I have mused about a related question since I got my first computer eons ago. It had only a machine code monitor (yes, a though start to learning what a computer was). It does seem some kind of Forth might have been the good first step on the path to high-level languages (like https://github.com/uho/preForth) but it's sure not the only way.
This book takes an historical perspective. When I bought my first computer in 1980, an Apple II, lower case required a hardware mod. Lisp had already been around for decades.
In every major system one can now hide upper case conventions, but they too often default to old man shouting "GET OFF MY LAWN". And of course, those parentheses. One can easily represent trees by a notation that does away with most parentheses, but instead they've become a loyalty test.
At $20 or even $30 I would have bought the PDF for this book, to keep my library complete, to support all Lisp efforts. $40 made me think. This is a pure optimization problem; one should roughly want to maximize revenue, but favoring number of copies sold for the side benefits. I doubt that $40 achieves that maximum.
I enjoyed the return to typing in upper case very much! Ancient LISP in particular is nice to type, because there are only letters and the occasional dash, asterisk and parenthesis. All the special characters in modern languages really hurt my fingers!
>One can easily represent trees by a notation that does away with most parentheses, but instead they've become a loyalty test.
But can you copy or delete an expression from that other representation by paren-matching in your editor? To me (and others I guess) this was not much of an initiation ritual. I fell in love with parentheses on first sight.
> $40 made me think.
I get that! And to be honest, writing becomes more painful as I grow older, so I adjusted the price a bit to compensate for that. So far the sales numbers suggest that people are willing to spend the money.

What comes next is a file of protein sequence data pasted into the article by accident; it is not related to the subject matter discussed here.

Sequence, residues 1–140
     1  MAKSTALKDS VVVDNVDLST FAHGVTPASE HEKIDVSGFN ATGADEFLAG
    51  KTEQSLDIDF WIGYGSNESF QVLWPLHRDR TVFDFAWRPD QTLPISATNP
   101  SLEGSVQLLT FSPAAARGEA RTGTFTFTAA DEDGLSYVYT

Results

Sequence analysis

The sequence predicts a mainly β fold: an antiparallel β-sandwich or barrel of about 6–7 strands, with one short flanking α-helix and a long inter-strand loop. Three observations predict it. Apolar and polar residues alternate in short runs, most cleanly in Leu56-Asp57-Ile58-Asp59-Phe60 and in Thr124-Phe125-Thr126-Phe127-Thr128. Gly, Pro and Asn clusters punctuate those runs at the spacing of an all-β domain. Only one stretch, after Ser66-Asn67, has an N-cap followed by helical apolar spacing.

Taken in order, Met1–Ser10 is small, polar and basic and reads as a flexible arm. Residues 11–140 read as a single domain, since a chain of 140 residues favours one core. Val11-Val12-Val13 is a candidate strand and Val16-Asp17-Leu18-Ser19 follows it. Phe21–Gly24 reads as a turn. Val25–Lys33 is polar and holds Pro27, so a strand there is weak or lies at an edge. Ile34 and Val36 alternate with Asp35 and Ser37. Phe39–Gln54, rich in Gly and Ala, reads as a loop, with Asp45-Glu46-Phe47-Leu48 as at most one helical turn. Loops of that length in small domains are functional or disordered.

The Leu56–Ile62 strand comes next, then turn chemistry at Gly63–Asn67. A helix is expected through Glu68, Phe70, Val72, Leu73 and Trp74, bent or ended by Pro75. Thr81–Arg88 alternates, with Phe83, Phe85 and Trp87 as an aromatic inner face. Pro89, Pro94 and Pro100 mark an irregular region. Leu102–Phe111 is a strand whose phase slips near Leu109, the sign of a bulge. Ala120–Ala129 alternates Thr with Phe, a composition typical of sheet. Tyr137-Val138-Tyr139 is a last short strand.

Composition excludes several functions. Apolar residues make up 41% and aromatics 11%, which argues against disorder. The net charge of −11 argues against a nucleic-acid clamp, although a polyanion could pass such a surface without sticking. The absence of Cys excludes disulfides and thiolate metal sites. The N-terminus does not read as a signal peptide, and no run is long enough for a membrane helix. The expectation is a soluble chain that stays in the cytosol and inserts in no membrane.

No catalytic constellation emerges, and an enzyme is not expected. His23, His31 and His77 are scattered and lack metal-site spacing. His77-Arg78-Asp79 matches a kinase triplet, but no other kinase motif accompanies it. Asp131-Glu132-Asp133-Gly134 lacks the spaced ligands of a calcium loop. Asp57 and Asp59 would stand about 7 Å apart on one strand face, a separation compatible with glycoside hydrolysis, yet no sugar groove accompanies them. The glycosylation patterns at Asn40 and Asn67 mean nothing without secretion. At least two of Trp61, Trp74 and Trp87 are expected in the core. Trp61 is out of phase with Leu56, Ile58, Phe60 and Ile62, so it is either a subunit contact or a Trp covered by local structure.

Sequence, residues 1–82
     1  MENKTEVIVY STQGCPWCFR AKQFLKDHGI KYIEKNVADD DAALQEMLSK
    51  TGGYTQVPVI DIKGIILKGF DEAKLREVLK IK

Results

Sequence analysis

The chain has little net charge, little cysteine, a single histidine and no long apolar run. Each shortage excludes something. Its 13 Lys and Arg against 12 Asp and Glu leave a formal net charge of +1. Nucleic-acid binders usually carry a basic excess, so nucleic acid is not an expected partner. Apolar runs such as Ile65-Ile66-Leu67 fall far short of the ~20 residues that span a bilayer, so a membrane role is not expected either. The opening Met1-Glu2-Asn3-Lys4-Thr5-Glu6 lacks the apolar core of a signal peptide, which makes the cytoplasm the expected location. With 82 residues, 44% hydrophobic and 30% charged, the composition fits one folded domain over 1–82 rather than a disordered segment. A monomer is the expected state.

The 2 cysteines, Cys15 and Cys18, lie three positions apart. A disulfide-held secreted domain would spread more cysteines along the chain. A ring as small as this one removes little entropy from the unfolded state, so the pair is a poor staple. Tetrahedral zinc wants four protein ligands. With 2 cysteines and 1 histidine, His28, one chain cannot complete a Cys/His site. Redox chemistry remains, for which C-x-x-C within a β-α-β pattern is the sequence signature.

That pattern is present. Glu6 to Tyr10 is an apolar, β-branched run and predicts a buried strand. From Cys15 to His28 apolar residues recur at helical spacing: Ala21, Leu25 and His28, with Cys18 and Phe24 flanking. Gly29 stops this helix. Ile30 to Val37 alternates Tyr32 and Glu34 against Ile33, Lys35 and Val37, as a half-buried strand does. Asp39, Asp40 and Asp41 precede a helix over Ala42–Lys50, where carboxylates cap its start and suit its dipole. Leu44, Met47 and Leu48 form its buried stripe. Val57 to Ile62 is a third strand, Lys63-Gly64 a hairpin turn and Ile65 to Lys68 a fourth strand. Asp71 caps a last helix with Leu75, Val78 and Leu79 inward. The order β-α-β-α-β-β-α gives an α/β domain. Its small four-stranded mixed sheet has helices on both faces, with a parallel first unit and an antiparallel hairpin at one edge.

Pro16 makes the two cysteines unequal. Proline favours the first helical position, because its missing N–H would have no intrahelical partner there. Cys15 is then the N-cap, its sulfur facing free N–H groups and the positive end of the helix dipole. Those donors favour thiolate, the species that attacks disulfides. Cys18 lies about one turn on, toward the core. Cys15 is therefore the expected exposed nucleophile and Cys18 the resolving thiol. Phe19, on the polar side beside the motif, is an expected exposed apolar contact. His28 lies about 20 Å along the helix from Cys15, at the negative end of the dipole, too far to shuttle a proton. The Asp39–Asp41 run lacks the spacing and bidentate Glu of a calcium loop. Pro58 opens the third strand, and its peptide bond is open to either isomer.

BTW, the PDF and paperback generate the same royalties (as with all of my books). The price difference is the production cost of the physical book. So you pay the same for the content in either case.
If it helps, I opted for the paperback. Looking forward to giving this one a read.
The caps point is interesting to me. I can't think of a good reason why caps should be shouting, but I definitely agree with it. Hilarious to remember back when mixed case was not the norm. (Also, awkward to work in languages where symbols are case sensitive. Worse when they are case significant.)
I'm curious on the tree representations you mean. Most make some use of whitespace, that I have seen. But they lose the portability of the representation that I have with easy copy/paste to other environments. (To and from chats, emails, etc.)
Originally Lisp was all upper case. The line of languages is six decades old, after all. The first Lisp program I ever wrote was on punch cards on an IBM 7094.
The evolution of to Common Lisp had to deal with this. The solution (which works well) is that the default mode of the Lisp reader converts symbol names to upper case, unless they are escaped. So, the common case is that symbols are lower case in source files, but are upper case internally, and typically are printed in upper case (that can be tweaked if desired.)
So we have Lisp where case does not (mostly) matter and Python where even whitespace matters. We have APL famil;y of languages which invented their own alphabet. In hindsight I wonder if there is any consensus or studies on which approach is the best?
In hindsight we know now what was problematic about the lisp reader conventions.
The default should have been lowercase case-sensitive, esp. for the ffi.
But we've only got uppercase case-insensitive, with flags for inverse (an ugly hack) and case-sensitive. This way you can call C or Java functions, but internally it's all case inversed. And still broken in some lisps